Disputes over evidence and whether certain pieces of proof should be put before a jury at trial may seem like complicated legal wrangling or much ado about nothing. The fact of the matter is, however, that decisions about what a jury gets to see and what it doesn’t get to see can mean the difference between conviction or acquittal. Take, for example, a recent case out of the West Virginia Supreme Court in which a jury was allowed to hear about two statements that the accused made to police officers, even though the recordings of those statements had been lost.
Mr. Taneyhill was charged with burglary, petit larceny, conspiracy, and obtaining money by false pretenses, stemming from an incident in which he allegedly stole an Xbox video game system and two Xbox games. As the Court explained, a police officer traced the stolen property back to Ms. Bigelow after the owner found them for sale at a local pawn shop in Bluefield. The officer contacted Ms. Bigelow after finding that she had signed a receipt for the property at the pawn shop. Bigelow later told the officer that she had indeed pawned the Xbox and games, but she said she didn’t know that they were stolen. Bigelow maintained that Taneyhill had asked her to pawn the property.
Taneyhill later waived his right to an attorney and gave a recorded statement to the police in which he said he’d bought the Xbox and games from a friend, Mr. Williams. This recording was later lost, however. After Williams denied being involved in the sale, Taneyhill said in a second statement to the police that he’d traded Williams a half-ounce of marijuana for the Xbox. He also said that he’d told Williams the locations of several residences where he could find the video game system and some games to trade for the weed. Taneyhill waived his right to an attorney before making this statement. An audio/video recording of the statement was again lost.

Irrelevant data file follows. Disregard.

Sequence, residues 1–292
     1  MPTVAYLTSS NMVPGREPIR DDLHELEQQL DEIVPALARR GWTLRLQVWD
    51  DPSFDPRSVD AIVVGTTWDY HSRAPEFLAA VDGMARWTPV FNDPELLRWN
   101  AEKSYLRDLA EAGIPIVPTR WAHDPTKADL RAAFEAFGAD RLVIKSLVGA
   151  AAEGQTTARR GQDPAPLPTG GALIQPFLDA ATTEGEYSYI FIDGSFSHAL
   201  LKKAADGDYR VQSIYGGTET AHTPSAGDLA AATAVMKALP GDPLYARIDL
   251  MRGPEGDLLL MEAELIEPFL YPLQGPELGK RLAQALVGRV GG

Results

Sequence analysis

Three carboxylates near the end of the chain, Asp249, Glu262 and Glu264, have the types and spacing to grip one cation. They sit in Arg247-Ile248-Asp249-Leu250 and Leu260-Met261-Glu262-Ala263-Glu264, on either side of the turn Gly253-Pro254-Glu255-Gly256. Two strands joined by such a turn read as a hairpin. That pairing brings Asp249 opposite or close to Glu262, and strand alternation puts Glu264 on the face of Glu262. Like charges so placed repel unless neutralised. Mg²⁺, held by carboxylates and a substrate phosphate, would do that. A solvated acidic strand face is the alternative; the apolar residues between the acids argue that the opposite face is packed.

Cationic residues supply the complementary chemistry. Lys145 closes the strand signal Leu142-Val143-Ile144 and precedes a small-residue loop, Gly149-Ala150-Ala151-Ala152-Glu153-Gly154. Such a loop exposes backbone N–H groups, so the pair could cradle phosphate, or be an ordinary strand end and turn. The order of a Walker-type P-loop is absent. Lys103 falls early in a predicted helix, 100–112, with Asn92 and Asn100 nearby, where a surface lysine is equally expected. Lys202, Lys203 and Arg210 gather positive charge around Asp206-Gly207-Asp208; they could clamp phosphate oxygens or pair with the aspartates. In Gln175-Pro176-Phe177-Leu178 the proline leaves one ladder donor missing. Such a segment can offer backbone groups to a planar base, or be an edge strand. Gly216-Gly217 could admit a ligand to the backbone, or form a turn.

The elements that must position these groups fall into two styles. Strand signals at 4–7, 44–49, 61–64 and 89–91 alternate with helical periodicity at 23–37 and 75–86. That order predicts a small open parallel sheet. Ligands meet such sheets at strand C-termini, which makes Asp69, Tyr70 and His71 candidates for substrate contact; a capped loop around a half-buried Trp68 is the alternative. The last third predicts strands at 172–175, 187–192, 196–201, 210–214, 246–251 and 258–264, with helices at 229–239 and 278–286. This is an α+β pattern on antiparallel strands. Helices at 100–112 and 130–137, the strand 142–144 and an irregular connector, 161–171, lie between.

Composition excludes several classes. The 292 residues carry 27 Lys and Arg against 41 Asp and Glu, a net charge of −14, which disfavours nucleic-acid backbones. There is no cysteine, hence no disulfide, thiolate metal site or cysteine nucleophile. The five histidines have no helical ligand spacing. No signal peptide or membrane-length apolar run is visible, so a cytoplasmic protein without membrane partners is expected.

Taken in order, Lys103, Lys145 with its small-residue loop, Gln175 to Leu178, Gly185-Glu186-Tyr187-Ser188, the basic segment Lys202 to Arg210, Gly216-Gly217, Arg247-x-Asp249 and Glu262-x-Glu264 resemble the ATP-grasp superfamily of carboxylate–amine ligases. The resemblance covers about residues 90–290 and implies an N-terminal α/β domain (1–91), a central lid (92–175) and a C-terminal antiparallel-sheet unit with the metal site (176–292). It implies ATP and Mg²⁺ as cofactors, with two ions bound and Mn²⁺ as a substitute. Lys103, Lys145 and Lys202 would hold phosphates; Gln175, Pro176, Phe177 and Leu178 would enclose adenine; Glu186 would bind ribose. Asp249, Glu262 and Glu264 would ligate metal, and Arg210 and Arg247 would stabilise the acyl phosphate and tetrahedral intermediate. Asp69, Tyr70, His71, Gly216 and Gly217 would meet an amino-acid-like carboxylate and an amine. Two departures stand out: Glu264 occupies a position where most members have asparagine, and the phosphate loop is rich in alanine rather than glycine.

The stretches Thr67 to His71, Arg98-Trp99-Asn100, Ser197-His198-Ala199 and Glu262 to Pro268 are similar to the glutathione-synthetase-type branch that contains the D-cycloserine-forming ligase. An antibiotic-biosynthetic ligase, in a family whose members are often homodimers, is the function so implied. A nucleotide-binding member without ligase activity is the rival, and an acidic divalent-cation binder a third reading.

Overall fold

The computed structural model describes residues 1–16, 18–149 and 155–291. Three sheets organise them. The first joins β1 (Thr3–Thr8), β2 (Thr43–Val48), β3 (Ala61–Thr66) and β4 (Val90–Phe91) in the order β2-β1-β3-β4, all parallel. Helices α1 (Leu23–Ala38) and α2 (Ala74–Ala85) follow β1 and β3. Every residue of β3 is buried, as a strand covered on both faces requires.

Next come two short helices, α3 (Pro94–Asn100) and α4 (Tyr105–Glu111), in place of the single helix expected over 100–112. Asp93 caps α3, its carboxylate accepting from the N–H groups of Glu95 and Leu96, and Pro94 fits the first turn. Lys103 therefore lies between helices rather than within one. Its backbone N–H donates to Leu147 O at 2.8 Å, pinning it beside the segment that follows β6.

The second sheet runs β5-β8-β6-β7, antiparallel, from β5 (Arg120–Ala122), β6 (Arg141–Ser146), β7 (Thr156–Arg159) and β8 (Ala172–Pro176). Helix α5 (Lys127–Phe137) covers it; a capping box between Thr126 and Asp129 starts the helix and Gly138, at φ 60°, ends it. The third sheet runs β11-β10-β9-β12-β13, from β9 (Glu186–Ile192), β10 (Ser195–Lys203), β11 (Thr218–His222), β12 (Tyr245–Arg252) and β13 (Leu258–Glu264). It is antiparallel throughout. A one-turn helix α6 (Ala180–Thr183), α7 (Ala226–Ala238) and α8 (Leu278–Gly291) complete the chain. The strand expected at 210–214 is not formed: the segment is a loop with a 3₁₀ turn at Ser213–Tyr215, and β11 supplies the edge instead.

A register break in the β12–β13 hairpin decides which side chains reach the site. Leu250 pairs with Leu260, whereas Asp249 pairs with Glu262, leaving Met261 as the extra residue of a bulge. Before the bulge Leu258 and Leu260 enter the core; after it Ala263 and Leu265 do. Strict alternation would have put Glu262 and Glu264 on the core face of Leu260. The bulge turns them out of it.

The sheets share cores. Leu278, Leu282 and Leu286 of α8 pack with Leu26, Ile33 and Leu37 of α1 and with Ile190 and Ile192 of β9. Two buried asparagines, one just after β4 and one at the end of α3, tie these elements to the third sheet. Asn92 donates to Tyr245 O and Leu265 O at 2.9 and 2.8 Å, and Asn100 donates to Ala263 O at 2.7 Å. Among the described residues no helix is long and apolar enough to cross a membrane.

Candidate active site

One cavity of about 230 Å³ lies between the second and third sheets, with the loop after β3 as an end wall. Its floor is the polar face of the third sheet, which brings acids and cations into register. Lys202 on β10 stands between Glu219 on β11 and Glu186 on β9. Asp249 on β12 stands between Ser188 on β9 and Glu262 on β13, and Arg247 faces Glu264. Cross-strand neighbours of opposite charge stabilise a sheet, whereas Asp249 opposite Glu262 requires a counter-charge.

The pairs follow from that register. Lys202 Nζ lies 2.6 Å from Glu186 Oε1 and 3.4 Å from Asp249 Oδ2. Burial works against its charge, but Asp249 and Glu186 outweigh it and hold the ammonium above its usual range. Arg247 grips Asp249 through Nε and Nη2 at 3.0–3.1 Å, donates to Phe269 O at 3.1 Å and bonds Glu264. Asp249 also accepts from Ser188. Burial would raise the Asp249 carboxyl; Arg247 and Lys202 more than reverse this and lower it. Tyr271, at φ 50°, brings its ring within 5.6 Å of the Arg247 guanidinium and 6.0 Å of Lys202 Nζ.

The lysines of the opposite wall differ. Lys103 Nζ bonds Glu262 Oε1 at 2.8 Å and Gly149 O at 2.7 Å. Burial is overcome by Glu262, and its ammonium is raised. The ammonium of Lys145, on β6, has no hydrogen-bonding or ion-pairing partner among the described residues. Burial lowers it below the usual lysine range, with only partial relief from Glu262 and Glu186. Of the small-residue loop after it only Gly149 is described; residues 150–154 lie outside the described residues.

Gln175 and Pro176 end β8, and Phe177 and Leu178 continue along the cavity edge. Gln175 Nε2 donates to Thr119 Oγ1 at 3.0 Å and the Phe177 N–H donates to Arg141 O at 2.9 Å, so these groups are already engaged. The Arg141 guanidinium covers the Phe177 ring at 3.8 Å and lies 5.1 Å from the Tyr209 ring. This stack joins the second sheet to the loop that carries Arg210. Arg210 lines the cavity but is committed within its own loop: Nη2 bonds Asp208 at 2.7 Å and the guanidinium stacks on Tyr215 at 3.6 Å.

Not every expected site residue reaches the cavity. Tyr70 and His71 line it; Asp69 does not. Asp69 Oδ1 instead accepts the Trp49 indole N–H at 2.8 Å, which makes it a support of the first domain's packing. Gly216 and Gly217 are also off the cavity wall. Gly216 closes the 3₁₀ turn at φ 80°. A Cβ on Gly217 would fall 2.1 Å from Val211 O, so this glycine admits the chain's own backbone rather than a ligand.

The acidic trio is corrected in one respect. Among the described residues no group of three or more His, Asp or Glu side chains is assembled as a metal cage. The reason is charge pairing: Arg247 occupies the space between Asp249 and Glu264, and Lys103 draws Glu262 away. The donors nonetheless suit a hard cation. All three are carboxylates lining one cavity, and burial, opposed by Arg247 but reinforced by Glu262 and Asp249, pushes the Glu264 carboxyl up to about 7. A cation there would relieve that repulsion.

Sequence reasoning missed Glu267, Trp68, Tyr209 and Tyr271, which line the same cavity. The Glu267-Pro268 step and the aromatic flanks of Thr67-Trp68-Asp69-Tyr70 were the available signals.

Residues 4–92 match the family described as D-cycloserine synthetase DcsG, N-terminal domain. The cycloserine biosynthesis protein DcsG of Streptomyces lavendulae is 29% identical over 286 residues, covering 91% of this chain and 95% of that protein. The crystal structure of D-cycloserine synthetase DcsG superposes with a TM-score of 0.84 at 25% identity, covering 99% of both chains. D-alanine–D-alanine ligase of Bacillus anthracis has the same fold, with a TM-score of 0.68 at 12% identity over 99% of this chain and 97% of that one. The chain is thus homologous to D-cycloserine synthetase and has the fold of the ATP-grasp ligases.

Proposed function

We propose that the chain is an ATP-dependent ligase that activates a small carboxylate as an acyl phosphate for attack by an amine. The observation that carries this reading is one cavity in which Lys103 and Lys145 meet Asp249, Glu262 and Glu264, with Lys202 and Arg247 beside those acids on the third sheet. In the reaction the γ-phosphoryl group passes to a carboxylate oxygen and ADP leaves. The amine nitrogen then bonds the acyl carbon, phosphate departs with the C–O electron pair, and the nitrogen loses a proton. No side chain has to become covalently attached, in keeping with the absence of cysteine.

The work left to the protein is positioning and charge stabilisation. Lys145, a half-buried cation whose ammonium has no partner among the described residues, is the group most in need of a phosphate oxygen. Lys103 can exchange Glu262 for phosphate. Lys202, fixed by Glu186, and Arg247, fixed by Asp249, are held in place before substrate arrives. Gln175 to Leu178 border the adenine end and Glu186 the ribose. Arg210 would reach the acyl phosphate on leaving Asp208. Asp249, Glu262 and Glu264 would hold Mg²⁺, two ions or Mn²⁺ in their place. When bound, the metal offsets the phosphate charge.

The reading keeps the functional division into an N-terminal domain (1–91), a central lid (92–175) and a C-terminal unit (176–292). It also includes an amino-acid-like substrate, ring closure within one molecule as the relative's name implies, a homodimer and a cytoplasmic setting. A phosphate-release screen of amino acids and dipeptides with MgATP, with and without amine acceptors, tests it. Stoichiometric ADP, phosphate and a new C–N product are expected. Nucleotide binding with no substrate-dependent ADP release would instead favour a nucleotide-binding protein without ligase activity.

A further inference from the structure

A circuit court denied Taneyhill’s request to keep evidence related to the two statements out of the record at trial. He was found guilty on the charges and sentenced to six months to two years in jail.
Affirming the decision on appeal, the Supreme Court said there was substantial evidence supporting the circuit court decision to deny Taneyhill’s motion to suppress evidence related to his statements. The court said Taneyhill’s claim that he was entitled to copies of the recordings because they could help exonerate him was “purely speculative.” It also noted that there was no reason to believe that the police purposely destroyed or discarded the evidence. Finally, the officer testified at trial based on his written narrative of the two statements, which the Court said was provided to Tanneyhill before trial and which his attorney cross-examined the officer about.
As this case makes clear, evidence issues can make or break a criminal case. It’s important that a person facing criminal charges seek the counsel of an experienced criminal defense attorney. The West Virginia criminal defense lawyers at the Wolfe Law Firm have been serving clients throughout the state for more than 25 years. Call us at 1-877-637-5756 or contact us online for a free consultation.
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